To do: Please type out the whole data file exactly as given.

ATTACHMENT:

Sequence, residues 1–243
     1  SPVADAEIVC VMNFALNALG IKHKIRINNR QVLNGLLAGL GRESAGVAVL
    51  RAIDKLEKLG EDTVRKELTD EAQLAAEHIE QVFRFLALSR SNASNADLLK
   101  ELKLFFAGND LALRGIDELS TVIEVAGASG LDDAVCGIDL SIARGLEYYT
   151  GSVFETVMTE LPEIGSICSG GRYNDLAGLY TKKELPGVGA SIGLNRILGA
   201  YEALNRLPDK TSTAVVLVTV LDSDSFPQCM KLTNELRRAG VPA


Sequence, residues 1–243
     1  SPVADAEIVC VMNFALNALG IKHKIRINNR QVLNGLLAGL GRESAGVAVL
    51  RAIDKLEKLG EDTVRKELTD EAQLAAEHIE QVFRFLALSR SNASNADLLK
   101  ELKLFFAGND LALRGIDELS TVIEVAGASG LDDAVCGIDL SIARGLEYYT
   151  GSVFETVMTE LPEIGSICSG GRYNDLAGLY TKKELPGVGA SIGLNRILGA
   201  YEALNRLPDK TSTAVVLVTV LDSDSFPQCM KLTNELRRAG VPA